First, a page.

The generic company strategies model developed by Michael Porter classifies companies into one of three broad, generic categories: cost leaders (competing on low prices), differentiators (competing based on innovation in their products/services), and segments (competing by focusing on specific market needs) (Philipson, 1992).
A customer experience strategy is defined as “a plan that guides activities and [the] resource allocation needed to deliver an experience that meets or exceeds customer expectations.” There are also three customer experience strategies that align with the generic company strategies: self-service optimization, proactive guidance, and tailored intimacy (Forrester, 2010).
The following diagrams depict how the three customer experience strategies align with the three generic company strategies.
The self-service optimization strategy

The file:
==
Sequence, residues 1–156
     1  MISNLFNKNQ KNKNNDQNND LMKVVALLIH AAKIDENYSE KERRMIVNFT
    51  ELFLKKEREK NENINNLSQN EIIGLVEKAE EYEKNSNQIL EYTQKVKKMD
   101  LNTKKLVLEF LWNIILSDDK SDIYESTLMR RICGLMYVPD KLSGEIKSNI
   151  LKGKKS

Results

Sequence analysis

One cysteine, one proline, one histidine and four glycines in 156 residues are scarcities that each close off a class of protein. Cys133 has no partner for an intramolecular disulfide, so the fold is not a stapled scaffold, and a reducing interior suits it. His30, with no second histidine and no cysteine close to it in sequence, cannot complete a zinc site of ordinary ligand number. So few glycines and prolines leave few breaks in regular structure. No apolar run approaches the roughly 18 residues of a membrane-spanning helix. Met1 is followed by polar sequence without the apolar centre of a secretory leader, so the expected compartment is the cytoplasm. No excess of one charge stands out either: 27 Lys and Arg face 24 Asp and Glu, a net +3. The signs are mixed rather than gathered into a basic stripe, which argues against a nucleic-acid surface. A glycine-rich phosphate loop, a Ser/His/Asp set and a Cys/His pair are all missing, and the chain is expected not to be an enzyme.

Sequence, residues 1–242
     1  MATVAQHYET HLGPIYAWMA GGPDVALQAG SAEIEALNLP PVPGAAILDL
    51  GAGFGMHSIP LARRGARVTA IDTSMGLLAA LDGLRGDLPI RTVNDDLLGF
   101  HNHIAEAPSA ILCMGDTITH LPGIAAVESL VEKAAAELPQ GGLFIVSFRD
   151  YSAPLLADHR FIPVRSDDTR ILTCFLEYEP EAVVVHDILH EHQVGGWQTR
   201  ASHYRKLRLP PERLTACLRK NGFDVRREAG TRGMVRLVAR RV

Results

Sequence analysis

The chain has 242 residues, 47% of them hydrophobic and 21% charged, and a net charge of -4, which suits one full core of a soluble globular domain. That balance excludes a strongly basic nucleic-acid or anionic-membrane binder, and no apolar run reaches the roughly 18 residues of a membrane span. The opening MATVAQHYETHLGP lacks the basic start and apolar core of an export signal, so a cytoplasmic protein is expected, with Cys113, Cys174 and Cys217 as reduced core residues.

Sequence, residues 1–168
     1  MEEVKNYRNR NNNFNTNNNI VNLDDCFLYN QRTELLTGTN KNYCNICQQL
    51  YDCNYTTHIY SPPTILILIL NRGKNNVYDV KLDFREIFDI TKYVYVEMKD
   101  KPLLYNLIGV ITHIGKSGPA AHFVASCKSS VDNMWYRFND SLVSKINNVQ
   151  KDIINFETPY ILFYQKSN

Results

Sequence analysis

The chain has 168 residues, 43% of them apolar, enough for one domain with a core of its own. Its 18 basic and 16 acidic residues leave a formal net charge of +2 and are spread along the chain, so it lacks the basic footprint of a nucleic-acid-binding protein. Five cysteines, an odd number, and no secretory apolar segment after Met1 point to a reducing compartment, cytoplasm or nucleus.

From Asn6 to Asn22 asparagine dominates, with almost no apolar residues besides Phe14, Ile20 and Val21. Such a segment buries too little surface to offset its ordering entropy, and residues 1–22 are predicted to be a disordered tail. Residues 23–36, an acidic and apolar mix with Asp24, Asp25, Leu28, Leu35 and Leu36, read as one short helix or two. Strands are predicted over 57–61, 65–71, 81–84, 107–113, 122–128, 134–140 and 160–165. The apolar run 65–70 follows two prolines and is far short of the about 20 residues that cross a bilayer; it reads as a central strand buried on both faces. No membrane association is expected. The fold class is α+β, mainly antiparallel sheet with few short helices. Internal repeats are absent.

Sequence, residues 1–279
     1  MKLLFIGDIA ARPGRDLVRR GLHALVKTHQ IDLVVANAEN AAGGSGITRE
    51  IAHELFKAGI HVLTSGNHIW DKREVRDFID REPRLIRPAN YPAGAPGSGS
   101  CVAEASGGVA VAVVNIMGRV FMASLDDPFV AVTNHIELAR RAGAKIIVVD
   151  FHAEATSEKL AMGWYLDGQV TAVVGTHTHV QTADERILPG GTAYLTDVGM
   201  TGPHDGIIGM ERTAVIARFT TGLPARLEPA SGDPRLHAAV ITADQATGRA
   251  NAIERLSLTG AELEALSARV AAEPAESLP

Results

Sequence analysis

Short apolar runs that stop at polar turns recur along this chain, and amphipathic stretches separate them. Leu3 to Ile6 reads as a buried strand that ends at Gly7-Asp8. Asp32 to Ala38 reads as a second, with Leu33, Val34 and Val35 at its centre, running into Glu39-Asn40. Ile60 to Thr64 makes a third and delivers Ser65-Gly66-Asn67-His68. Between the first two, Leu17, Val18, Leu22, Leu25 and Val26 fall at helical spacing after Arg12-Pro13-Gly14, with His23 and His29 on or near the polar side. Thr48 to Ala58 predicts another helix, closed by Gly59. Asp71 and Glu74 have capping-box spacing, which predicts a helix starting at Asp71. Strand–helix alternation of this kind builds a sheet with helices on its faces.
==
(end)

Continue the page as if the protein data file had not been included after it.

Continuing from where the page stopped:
The objective of the self-service optimization strategy is to create extremely effective high-touch self-service that is simple, automated, and error-free. Here are some examples of how this objective has been implemented:
The proactive guidance strategy
The objective of the proactive guidance strategy is to ensure customer delight by educating on innovations, solving problems preemptively, and connecting through social media. Here are some examples of how this objective has been implemented:
The “tailored intimacy” strategy
The objective of the tailored intimacy strategy is to use knowledge of target customers to create deep connections through interactions that are attuned, empathetic, and personalized to clients’ needs and aspirations. Here are some examples of how this objective has been implemented:
By focusing on aligning the generic company strategy with the customer experience strategy, it is then necessary to align the customer experience ecosystem to this strategy.
Learn how to choose the right digital experience platform for your business by watching the on-demand SAP Webinar featuring Forrester, “Customer Experience Matters.”